As Judie shared last week in a post, she has been having a terrible time getting and staying connected thanks to the WildBlue, a company that makes AT&T Wireless look good! Well over a week after being throttled, Judie still has a connection speed that is at or below dial-up.
Because she is in a rural area that is not covered by 3G, and because she doesn’t have a phone line (and even if she did, DSL is not available), and because “beamed” broadband internet will not work due to her home’s location (she is not in a clear path of the wireless tower), her broadband choices are limited to… well actually she found out that for now at least, she has no choice. Yes, for Judie and Kevin it is basically WildBlue or nothing. Nice anniversary present for the happy couple don’t you think? =P
It got me thinking about the ramifications of our Internet companies beginning to flex their muscle, and the picture it paints isn’t pretty. After all, my Apple TV no longer stores content. It streams it with just a bit of any given episode being cached for smoother playback. A couple of movies a month, and Judie will be dead in the water again. We both listen to tons of music. Can Judie even consider using Amazon, Google’s or Apple’s streaming music service? No way!! And I have yet to watch an episode of Game of Thrones on anything but my iPad. There is no way that would be an option for Judie while using WildBlue, which meters and chokes when a threshold is reached.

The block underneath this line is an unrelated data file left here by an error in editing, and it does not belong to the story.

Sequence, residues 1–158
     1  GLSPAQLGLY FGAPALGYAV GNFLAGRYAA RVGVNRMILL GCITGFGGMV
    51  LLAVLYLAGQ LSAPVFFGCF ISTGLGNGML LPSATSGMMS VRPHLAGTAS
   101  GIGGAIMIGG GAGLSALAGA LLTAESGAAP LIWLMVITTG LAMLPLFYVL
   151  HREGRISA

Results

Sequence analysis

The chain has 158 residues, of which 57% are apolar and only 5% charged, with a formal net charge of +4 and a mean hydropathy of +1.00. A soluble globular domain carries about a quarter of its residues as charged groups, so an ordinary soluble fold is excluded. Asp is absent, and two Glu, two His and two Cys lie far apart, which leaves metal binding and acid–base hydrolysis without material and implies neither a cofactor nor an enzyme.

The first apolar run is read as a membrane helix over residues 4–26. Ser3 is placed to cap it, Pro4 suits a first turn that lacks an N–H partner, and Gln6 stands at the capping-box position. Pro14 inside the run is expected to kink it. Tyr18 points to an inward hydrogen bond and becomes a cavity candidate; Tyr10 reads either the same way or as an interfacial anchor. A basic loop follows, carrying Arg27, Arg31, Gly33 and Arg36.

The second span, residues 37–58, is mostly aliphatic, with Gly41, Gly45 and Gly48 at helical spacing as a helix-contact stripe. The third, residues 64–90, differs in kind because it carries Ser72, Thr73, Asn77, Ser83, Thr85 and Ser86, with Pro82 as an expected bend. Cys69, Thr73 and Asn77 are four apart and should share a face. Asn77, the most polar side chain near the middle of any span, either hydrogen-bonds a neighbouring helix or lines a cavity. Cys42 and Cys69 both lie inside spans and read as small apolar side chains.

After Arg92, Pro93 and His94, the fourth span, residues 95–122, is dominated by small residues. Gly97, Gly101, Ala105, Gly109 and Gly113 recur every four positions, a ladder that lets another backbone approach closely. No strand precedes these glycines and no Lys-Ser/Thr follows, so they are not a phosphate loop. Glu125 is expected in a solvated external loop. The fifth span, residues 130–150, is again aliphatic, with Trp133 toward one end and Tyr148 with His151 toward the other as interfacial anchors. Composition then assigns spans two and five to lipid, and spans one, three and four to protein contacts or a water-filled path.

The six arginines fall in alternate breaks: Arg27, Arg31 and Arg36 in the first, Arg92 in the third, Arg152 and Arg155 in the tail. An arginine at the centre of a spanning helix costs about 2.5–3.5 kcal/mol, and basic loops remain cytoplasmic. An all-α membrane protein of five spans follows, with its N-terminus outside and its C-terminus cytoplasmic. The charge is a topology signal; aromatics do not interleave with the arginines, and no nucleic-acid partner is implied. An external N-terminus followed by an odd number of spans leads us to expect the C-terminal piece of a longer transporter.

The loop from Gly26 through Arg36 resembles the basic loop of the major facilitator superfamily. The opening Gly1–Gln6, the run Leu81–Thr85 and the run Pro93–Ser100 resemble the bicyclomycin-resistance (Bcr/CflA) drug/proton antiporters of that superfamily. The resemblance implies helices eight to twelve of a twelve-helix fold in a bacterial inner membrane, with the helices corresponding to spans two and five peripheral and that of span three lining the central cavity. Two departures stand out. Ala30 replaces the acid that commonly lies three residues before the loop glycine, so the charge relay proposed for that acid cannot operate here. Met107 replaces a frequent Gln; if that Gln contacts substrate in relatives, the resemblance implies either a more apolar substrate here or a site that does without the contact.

But it gets worse!
All this comes at a time when Apple has made a huge move to software distribution from the cloud. It works great for me, but for Judie and anyone else who is on metered data plans??
The Xcode download is 4.25 GB in size. If OS X Lion is distributed through the App Store, Judie and anyone else who has to watch their download amounts is going to have an issue. And the list goes on and on.
It is more than a bit clear that the big technology and media companies have finally gotten their act together, and they are providing some great solutions for streaming all kinds of content. Unfortunately they seem to be increasingly out of step with what some of the Internet companies we have grown to rely upon will allow.